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TitleModelling ground ice abundance in the Slave Geological Province
 
AuthorO'Neill, BORCID logo; Wolfe, SORCID logo; Duchesne, CORCID logo
SourceArcticNet 2021 Annual Scientific Meeting abstracts; Arctic Science vol. 8, no. 1, 2022 p. 99-100, https://doi.org/10.1139/as-2022-0002 Open
Access logo Open Access
Image
Year2022
Alt SeriesNatural Resources Canada, Contribution Series 20210247
PublisherCanadian Science Publishing
MeetingArcticNet Annual Scientific Meeting 2021; December 6-10, 2021
Documentserial
Lang.English
Mediapaper; digital; on-line
RelatedThis publication is related to Preliminary modelling of ground ice abundance in the Slave Geological Province, Northwest Territories and Nunavut
File formatpdf; html
ProvinceNorthwest Territories; Nunavut
NTS75L; 85M; 76D; 76E; 76L; 76M; 85I; 85J; 85O; 85P; 86A; 86B; 86G; 86H; 86I; 86J; 86O; 86P
AreaYellowknife; Grays Bay
Lat/Long WENS-116.0000 -110.0000 68.0000 62.0000
Lat/Long WENS-116.0000 -110.0000 68.0000 62.0000
Subjectssurficial geology/geomorphology; environmental geology; Nature and Environment; Science and Technology; Transport; permafrost; ground ice; periglacial features; modelling; sediments; Slave Province; Canadian Shield; Infrastructures; Planning; Management; Maps
ProgramGEM-GeoNorth: Geo-mapping for Energy and Minerals GEM Program Coordination
Released2022 02 18
AbstractNew infrastructure corridors within the Slave Geological Province will provide transportation, hydro, and communications links to mineral rich areas of northern Canada, and connect southern highway systems and Arctic shipping routes. Relatively little information on permafrost and ground ice is available compared with other regions. Ice-rich tills have been characterized from cores near Lac de Gras, and preserved buried ice has been documented within glaciofluvial sediments. Improved knowledge of permafrost and ground ice conditions in the region is required to inform planning and management of infrastructure. Work within the Geological Survey of Canada's (GSC) GEM-GeoNorth program includes mapping periglacial terrain features, synthesizing existing permafrost and surficial data, and modelling ground ice conditions along the transportation corridor. Here we present initial modelling of ground ice abundance using a methodology developed for national-scale mapping for the ground ice map of Canada. By contrast with the previous mapping that uses a nationwide surficial materials data set, we use larger-scale standardized information from GSC Canadian Geoscience Maps (CGM) as model input. We compare outputs for the region derived from the two surficial data sets to assess the influence of surficial geology mapping scale on predicted ground ice abundance. The larger-scale CGM data sets include greater representation of unconsolidated sediments that may contain ground ice, and consequently, the assessed ground ice abundance is higher than represented on the ground ice map of Canada. Therefore, estimates from the ground ice map of Canada should be viewed as conservative for this region and other terrain of the Canadian Shield.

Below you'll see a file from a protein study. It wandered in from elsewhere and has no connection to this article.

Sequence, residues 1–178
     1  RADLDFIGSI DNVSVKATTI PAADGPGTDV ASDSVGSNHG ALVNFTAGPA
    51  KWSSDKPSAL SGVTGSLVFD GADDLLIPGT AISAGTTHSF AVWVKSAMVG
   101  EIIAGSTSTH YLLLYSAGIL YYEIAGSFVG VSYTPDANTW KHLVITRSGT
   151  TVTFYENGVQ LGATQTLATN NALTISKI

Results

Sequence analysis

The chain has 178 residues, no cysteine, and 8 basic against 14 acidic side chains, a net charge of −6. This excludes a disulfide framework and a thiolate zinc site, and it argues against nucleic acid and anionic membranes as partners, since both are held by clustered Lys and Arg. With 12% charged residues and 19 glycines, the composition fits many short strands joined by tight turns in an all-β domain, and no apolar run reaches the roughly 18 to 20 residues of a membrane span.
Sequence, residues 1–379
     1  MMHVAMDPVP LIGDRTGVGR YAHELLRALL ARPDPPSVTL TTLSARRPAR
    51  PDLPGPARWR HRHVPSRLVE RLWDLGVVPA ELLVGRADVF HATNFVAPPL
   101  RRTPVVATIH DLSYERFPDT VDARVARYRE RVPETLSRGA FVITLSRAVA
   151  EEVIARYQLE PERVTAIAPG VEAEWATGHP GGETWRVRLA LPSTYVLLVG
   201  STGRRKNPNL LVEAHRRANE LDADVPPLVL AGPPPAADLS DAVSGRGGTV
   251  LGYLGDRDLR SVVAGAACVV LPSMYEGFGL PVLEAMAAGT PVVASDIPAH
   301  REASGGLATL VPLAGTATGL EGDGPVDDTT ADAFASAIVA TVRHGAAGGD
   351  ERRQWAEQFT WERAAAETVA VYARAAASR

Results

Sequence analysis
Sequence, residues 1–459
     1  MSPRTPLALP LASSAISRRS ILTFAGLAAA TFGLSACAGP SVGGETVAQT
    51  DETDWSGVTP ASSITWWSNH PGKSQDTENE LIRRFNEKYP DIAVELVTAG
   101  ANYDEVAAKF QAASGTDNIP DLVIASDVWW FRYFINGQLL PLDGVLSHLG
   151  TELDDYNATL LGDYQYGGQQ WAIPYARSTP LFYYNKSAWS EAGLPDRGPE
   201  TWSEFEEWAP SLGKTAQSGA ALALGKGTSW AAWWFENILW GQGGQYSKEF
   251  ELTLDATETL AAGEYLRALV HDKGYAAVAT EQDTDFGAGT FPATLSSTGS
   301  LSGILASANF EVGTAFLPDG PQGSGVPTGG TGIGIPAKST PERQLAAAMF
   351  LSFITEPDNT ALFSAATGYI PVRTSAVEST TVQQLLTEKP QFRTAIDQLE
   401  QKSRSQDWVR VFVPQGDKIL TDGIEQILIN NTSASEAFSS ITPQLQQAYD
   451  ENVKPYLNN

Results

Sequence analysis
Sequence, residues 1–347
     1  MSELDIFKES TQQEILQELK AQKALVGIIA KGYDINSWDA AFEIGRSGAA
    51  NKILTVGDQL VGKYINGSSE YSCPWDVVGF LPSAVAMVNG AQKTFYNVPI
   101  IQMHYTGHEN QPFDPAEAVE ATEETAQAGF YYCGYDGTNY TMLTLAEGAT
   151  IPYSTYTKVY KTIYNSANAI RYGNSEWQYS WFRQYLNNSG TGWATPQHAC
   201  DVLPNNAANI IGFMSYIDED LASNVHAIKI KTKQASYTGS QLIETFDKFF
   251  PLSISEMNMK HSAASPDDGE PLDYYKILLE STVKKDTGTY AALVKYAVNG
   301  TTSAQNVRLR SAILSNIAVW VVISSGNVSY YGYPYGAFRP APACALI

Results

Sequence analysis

Summary(Plain Language Summary, not published)
New infrastructure corridors within the Slave Geological Province will provide transportation, hydro, and communications links to mineral rich areas of northern Canada, and connect southern highway systems and Arctic shipping routes. Relatively little information on permafrost and ground ice is available compared to other regions. Ice-rich tills have been characterized from cores near Lac de Gras, and preserved buried ice has been documented within glaciofluvial sediments. Improved knowledge of permafrost and ground ice conditions in the region is required to inform planning and management of infrastructure. Work within the Geological Survey of Canada's (GSC) GEM-GeoNorth program includes mapping periglacial terrain features, synthesizing existing permafrost and surficial data, and modelling ground ice conditions along the transportation corridor. Here we present initial modelling of ground ice abundance using a methodology developed for national-scale mapping for the Ground ice map of Canada. In contrast with the previous mapping that uses a nationwide surficial materials dataset, we use larger-scale standardized information from GSC Canadian Geoscience Maps (CGM) as model input. We compare outputs for the region derived from the two surficial datasets to assess the influence of surficial geology mapping scale on predicted ground ice abundance. The larger-scale CGM datasets include greater representation of unconsolidated sediments that may contain ground ice, and consequently, the assessed ground ice abundance is higher than represented on the Ground ice map of Canada. Therefore, estimates from the Ground ice map of Canada should be viewed as conservative for this region and other terrain of the Canadian Shield.
GEOSCAN ID328870

 
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